An alternative investment refers to types of investment products that are not part of the "traditional" list of investments (stocks, bonds and money market instruments) common in the public eye. While there is no definitive list of investments that are alternative, the label is typically applied to products such as commodity futures, currency foreign exchange, hedge funds, real estate, and venture capital.
Conventional wisdom often states that alternative investments are higher risk than traditional ones. However, risk is not so simply divided between investment types. Poor risk management in the stock market can be just as fatal to a portfolio as the same behavior in a futures market. Limited exposure in an alternative investment could prove no riskier than the addition of bonds to a portfolio. Overly conservative investments can increase the risk of "opportunity loss", where little is gained in times where more could be made. It might be more accurate to view alternative investments as generally more volatile in nature, but risk is related both to the investment environment and the investment decisions that are made.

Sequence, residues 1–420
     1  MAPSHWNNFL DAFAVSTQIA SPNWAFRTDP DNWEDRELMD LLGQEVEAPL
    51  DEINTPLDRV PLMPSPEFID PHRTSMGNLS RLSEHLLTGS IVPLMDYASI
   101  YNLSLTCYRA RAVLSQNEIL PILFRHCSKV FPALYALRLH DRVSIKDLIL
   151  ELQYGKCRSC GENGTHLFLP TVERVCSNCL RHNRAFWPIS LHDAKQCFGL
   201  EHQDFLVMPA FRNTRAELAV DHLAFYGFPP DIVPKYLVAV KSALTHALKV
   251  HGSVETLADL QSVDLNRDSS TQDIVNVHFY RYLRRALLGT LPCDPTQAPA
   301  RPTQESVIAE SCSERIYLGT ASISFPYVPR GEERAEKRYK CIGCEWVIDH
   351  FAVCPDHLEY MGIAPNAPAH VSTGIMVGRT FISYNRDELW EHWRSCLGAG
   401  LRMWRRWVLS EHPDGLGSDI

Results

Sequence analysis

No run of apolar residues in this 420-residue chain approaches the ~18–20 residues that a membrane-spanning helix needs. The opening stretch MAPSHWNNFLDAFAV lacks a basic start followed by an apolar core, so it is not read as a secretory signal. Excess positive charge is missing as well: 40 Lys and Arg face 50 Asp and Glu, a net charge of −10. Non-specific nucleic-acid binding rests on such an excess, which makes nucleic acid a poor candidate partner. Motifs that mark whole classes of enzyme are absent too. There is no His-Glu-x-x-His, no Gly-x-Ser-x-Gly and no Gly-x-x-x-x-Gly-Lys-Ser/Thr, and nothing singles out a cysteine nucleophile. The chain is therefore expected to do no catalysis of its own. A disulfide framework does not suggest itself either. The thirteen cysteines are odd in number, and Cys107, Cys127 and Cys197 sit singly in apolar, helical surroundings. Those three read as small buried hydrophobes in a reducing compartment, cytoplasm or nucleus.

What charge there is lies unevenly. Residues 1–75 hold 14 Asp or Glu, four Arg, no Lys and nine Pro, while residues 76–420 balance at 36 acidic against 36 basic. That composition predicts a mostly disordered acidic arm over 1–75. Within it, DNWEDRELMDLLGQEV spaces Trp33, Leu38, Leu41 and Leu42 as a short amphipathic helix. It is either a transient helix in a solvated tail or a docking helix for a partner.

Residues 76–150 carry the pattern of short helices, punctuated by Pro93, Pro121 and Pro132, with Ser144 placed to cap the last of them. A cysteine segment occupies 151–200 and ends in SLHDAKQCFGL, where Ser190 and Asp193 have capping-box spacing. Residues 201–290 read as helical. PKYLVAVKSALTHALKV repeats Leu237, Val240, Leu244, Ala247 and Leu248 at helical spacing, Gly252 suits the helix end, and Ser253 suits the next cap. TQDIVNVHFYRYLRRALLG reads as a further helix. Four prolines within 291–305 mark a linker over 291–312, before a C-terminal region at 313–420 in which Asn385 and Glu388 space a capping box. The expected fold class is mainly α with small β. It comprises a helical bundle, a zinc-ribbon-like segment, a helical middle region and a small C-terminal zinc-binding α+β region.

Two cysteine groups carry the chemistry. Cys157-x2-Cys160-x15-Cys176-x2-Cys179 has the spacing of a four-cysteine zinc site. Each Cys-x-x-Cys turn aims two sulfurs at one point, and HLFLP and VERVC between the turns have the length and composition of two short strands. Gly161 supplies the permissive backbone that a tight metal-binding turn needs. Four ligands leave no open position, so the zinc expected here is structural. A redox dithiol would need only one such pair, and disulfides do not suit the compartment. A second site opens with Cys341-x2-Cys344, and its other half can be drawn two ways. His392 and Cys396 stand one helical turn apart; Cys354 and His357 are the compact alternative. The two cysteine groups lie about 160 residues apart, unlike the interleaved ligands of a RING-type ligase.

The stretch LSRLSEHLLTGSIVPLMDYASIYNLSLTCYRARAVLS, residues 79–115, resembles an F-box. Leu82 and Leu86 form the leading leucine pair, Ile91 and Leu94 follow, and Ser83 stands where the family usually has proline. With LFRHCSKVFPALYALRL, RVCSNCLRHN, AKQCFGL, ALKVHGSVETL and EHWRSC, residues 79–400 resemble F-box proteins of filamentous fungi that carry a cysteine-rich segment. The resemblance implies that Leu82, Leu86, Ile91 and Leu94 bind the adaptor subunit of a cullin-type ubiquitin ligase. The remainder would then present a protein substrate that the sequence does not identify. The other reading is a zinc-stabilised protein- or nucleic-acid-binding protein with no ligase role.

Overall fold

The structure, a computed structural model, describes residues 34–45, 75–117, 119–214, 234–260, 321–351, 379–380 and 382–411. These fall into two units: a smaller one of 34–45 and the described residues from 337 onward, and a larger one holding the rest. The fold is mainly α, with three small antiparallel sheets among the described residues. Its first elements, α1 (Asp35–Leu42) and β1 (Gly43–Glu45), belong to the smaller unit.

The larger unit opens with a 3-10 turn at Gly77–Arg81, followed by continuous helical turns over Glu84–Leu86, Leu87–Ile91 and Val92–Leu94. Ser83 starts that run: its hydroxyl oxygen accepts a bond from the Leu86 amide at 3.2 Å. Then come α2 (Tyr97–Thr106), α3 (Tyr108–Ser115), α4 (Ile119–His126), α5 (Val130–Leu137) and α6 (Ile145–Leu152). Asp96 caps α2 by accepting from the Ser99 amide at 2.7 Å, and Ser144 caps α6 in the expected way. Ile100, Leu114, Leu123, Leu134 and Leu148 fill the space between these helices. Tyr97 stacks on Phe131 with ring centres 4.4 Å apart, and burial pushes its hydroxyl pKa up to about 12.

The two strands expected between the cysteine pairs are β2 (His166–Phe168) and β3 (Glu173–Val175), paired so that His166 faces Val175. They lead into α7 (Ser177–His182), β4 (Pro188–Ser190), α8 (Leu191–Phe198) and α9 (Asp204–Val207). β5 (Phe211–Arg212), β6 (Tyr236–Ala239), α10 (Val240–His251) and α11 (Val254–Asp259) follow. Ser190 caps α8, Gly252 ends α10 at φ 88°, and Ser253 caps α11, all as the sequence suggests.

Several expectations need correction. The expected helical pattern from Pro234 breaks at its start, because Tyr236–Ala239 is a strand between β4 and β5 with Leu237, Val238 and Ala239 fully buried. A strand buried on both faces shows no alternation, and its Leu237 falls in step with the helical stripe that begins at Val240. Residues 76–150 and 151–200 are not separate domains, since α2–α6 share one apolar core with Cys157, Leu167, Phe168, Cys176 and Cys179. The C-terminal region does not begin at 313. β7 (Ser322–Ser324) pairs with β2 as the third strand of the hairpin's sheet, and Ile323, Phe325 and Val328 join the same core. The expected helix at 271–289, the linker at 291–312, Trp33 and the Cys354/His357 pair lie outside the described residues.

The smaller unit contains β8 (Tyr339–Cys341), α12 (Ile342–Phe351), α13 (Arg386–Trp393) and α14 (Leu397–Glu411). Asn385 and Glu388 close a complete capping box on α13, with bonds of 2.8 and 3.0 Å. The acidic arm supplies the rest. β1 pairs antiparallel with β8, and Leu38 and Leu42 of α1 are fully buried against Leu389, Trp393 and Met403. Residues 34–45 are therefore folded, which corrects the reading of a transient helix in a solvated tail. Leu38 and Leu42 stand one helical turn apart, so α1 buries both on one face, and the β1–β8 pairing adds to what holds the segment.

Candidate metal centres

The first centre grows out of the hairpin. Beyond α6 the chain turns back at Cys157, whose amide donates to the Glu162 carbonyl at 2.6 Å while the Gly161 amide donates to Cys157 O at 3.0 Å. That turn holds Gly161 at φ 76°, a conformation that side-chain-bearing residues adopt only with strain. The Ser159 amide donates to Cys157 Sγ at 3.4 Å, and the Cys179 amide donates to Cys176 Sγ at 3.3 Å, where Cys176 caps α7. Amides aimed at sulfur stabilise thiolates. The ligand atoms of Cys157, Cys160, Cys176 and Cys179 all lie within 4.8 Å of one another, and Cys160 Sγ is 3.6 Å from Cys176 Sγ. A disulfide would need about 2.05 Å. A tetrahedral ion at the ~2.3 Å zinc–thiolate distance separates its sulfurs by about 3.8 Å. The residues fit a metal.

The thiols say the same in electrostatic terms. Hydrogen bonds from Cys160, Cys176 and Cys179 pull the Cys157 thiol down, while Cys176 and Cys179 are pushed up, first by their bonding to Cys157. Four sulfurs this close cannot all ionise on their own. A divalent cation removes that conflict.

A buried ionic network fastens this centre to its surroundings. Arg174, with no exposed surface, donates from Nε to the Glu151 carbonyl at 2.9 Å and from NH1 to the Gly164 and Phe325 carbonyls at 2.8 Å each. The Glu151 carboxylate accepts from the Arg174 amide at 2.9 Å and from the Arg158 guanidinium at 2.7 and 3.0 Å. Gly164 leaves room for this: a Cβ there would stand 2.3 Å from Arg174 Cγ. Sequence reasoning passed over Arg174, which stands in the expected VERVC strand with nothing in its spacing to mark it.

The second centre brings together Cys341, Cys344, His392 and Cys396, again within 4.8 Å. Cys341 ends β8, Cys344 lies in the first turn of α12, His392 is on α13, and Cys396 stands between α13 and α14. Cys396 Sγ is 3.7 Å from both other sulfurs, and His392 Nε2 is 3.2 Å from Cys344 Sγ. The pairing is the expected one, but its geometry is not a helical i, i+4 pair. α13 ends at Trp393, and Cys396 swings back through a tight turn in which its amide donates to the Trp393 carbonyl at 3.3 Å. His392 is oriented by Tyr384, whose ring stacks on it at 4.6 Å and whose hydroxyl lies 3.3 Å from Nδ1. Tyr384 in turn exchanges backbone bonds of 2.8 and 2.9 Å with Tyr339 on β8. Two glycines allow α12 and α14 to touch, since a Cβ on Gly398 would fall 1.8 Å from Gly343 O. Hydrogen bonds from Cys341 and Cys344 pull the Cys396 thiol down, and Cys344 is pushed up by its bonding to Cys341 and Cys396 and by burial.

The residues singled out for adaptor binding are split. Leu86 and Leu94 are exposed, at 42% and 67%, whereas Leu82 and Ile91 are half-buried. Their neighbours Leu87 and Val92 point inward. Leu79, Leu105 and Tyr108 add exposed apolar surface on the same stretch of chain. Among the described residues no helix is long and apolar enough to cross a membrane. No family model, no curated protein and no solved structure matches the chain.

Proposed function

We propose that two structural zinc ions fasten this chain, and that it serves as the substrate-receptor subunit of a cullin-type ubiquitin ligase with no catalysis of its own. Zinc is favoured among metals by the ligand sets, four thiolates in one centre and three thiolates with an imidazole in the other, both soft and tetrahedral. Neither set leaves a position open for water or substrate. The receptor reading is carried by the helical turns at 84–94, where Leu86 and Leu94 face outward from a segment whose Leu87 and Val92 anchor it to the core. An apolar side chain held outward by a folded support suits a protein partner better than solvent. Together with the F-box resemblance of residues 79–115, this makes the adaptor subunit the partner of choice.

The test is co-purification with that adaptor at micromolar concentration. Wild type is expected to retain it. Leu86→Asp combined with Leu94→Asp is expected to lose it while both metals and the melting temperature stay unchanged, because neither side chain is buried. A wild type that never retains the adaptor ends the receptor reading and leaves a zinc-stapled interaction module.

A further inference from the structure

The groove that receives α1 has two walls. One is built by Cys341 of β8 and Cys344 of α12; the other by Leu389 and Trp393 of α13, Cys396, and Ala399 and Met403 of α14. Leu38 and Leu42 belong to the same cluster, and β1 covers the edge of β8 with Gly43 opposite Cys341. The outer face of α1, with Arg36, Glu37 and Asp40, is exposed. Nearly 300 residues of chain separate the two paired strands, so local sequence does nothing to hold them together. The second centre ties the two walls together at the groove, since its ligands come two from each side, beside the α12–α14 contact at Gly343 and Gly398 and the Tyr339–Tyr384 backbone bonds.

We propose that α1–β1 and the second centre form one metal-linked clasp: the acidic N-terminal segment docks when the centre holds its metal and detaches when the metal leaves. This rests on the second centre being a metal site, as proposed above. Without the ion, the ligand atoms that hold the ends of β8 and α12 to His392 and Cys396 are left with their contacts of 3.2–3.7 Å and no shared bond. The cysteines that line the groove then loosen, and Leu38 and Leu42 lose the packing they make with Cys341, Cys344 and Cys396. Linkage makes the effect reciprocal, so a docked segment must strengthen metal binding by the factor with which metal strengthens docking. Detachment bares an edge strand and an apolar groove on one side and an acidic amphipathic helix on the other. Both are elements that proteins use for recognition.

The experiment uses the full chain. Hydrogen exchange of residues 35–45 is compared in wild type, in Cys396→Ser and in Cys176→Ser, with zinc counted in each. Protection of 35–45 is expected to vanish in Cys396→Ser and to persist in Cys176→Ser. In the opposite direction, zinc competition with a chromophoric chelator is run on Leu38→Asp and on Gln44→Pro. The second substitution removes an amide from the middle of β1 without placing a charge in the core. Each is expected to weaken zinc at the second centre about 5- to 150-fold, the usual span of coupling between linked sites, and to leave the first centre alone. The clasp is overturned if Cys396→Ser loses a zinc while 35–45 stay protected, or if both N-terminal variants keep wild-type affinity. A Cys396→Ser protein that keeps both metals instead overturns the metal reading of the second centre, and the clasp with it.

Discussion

Conventional wisdom also frequently views alternative investments as either uncorrelated or negatively correlated in behavior to traditional investments: As the stock market falls, alternative investments will rise in value. This, too, is an inadequate model. Some alternative investments do not follow (or invert) the stock market but some may, depending on the circumstance, even when that was not the intention. Correlation is often dependent on both the specific configuration of the investment and the way it is used.